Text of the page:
present in long bones; bone:plasma ratio equals 93), with detectable
amounts of14C still present 12 months post-dose (5% of dose). Whole body
autoradiography (Larsson and Rohlin, 1980) confirms deposition of14C on
peripheral bone surfaces and in epiphyseal cartilage from long bones of
rats within 30 min of HEDP treatment (single or 4 consecutive i.p.
doses, 50 mg/kg bw; 21.4 μCi/kg bwt). The overall pattern of
distribution was similar irrespective of the age of the animals (1 d, 4
d, 25 d) or pre-conditioning with HEDP for up to 16 d. Studies in rats
(Micheal et al., 1972) given 0.5 - 1000 mg/kg bwt14C disodium HEDP (CAS
No 7414-83-7; supporting substance) revealed a dose-dependent increase
in the amount of radiolabel present in tibia (0.02 - 580 μequiv./g
tissue) and mandible (0.01 - 350 μequiv./g tissue) (time post-exposure
There are no data on the metabolism of HEDP. Metabolism of ATMP in vivo
appears limited. Of the proportion of an oral dose excreted in urine,
25% is present as parent substance, approx. 50% as N-methyl derivative
and the remainder as an unidentified product (Hotz et al., 1995).
Conversion of orally administered PACs to carbon dioxide by the rat has
been variously reported as 0% (Hotz et al., 1995), 0.2% (Michael et al.,
1972) or 10% (Henkel KgaA, 1983a), with 0.4% conversion described in
humans (Procter and Gamble, 1978).
Mean urinary recovery was 1.8% for 4 volunteers given 5 mg/kg bwt
14C-labelled disodium HEDP (specific activity unknown) after 2-3 week
pre-conditioning with unlabelled material (30 mg/kg bwt/d) (Recker and
Saville, 1973). Faecal recovery of label over 5 d was 90%, with 3% of
the dose excreted in urine over 24 hr, in another 5 human subjects given
30 mg/kg disodium HEDP (pre-treated as above) (Recker and Saville,
1973). Mean intestinal uptake of disodium HEDP was estimated as 3% in
the first group (dose = 5 mg/kg bwt) and 7% in the second group (dose =
30 mg/kg bwt). Broadly similar faecal recoveries of 70 - 90% over 6 d
were reported by Caniggia and Gennari (1977) in volunteers given an oral
dose of 100 mg disodium HEDP containing 20 μCi32P, although only limited
experimental details are available for this study.
In a distribution and elimination study, male mice were given HEDP (25
mg/kg bwt; 49.5 μCi/kg bwt) by i.v. injection, and selected tissues
analysed for14C for up to 360 d post-treatment (Mőnkkőnen et al.,
1989).14C-HEDP disappeared rapidly from plasma, with 91% of the dose
removed within 5 minutes and 99.8% by 2 hours (none present at 12 hour
time-point). Levels in kidney were maximal 5 minutes post-treatment
(approx. 32% of dose) and decreased thereafter (1-2% at 2 hours; trace
at 12 hours; undetectable at 48 hours), consistent with rapid urinary
elimination of the administered material.
Faecal excretion over 72 hours accounted for 80-95% of the dose
eliminated by rat, monkey or rabbit, with <4% present in urine, small
amounts present in carcass (up to 7% of dose) and trace amounts detected
in soft tissues (up to 0.5% of dose). Less than 0.2% of the dose was
exhaled as14C-carbon dioxide by the rat. Intestinal absorption appeared
greater in the dog, with 9-10% of the dose eliminated in urine over 72
hours and 60-80% present in faeces. Soft tissues from the dog accounted
for up to 1.5% of the dose, however carcass values were highly variable
(<1% or 12%). Preconditioning of rats (0.5% unlabelled disodium HEDP in
diet for 30 d prior to gavage administration of label) did not have any
obvious influence on elimination (Michael et al., 1972).
Faecal elimination of labelled disodium HEDP (50 mg/kg bwt; 225 μCi/kg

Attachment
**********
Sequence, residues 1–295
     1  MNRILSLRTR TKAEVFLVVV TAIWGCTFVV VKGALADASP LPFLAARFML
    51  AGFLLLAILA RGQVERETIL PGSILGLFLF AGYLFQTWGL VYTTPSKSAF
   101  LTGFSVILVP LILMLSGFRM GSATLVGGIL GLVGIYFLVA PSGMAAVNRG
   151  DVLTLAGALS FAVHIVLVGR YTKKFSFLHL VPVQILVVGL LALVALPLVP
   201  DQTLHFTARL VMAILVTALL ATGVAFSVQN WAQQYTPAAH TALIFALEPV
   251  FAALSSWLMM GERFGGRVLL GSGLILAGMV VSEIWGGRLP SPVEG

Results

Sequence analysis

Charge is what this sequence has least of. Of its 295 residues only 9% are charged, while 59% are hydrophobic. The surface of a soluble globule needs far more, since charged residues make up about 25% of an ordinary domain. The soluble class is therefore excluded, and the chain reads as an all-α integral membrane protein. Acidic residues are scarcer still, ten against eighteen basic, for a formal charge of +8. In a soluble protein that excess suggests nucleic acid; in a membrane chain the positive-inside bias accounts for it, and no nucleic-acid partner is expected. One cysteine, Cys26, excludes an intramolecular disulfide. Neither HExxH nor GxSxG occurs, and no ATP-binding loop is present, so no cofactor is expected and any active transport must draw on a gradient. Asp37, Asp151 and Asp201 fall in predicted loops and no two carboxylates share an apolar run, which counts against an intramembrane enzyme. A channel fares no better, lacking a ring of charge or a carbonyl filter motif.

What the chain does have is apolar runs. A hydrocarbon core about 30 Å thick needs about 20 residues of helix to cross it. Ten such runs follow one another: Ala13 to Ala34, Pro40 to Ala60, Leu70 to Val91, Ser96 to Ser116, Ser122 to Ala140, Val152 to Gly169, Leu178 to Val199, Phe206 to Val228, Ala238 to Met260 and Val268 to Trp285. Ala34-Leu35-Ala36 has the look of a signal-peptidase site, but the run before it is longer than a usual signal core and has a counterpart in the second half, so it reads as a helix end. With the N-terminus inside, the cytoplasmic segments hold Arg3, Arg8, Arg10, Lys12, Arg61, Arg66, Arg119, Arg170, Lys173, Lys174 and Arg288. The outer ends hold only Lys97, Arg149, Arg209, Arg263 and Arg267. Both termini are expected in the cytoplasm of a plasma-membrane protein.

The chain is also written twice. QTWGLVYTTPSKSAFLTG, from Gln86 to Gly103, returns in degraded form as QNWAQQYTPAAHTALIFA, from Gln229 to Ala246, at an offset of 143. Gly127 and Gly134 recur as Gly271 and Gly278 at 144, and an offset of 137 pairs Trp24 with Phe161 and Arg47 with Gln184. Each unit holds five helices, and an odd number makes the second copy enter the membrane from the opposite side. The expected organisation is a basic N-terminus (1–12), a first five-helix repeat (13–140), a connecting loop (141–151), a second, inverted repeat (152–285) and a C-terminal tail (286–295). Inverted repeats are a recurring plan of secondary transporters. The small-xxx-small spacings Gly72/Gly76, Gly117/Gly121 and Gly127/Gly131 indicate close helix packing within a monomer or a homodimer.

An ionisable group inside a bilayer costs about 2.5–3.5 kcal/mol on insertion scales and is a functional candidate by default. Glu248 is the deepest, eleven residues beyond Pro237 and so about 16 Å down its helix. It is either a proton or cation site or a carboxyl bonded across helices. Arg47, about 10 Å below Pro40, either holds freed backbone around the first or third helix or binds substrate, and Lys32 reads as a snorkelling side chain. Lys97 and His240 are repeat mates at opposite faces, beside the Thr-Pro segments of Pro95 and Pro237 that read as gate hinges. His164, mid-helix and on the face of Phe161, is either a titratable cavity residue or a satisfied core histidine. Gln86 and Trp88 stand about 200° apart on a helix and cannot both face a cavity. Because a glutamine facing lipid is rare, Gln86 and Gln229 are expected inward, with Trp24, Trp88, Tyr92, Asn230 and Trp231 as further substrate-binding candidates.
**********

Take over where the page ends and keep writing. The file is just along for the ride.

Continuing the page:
bwt) by the rat was greater following gavage administration (47% of
dose) than after i.p. injection (4%) (Michael et al., 1972). Urinary
excretion (33% versus 6%) and retention in carcass (51% versus 11%) were
greater after parenteral administration. Trace amounts of label were
present in rat bile irrespective of the route of exposure (0.1% after
i.p. treatment, <0.01% after gavage) indicating negligible enterohepatic
Bartnik, F; Potoker M; Pittermann, W (1986) HEDP Prüfung an Ratten nach
Dauerangebot im Trinkwasser über zwei Jahre (Testing in rats after
continuous supply over two years).Caniggia, A and Gennari, C (1977)
Kinetics and intestinal absorption of 32P-HEDP in man. Calc Tissue Res
22, 428 - 429.
Gural, PG (1984) Pharmacokinetics and gastrointestinal absorption
behaviour of etidronate. Dissertation, University of Kentucky,
Lexington. Cited in European Chemicals Bureau IUCLID Data Sheet for CAS
Heaney, RP and Saville, MD (1976) Etridonate disodium in postmenopausal
osteoporosis. Clin Pharmacol Therap, 20, 593 - 604.
Henkel KgaA (1983a) Unpublished data, Archive No 830091. Cited in
European Chemicals Bureau IUCLID Data Sheet for CAS No 6419-19-8.
Hotz, KJ, Warren, JA, Kinnett, ML and Wilson, AGE (1995) Study of the
pharmacokinetics of absorption, tissue distribution and excretion of
ATMP in Sprague-Dawley rats. Unpublished report, Ceregen (a unit of
Monsanto Company Environmental Health Laboratory) St Louis, MO, Report
Number MSL 14475, 6 December 1995
Larsson, SE and Ahlgren, O. (1992) Effects of disodium
ethane-1-hydroxy-1,1-diphosphonate (HEDP) in adult normal and
selectively parathyroidectomized rats. 1. Effects on plasma calcium,
bone tissue and adrenal glands at low or normal calcium intake. Metab
Bone Dis and Rel Res 4, 121 - 127.
Michael, WR, King, WR and Wakim, JM (1972) Metabolism of disodium
ethane-1-hydroxy-1,1-diphosphonate (disodium etidronate) in the rat,
rabbit, dog and monkey. Toxicol Appl Pharmacol, 21, 503 - 515.
Mőnkkőnen, J, Koponen, H-M and Ylitalo, P (1989) Comparison of the
distribution of three bisphosphonates in mice. Pharmacol. Toxicol. 65,
294 - 298.
Procter and Gamble (1978) Unpublished data, Report ECM BTS 476, E-8218,
MVL-YE 205, European Chemicals Bureau IUCLID Data Sheet for CAS No
Recker, RR and Saville, PD (1973) Intestinal absorption of disodium
ethane-1-hydroxy-1,1-diphosphonate (disodium etidronate) using a
deconvolution technique. Toxicol Appl Pharmacol, 24, 580 - 589.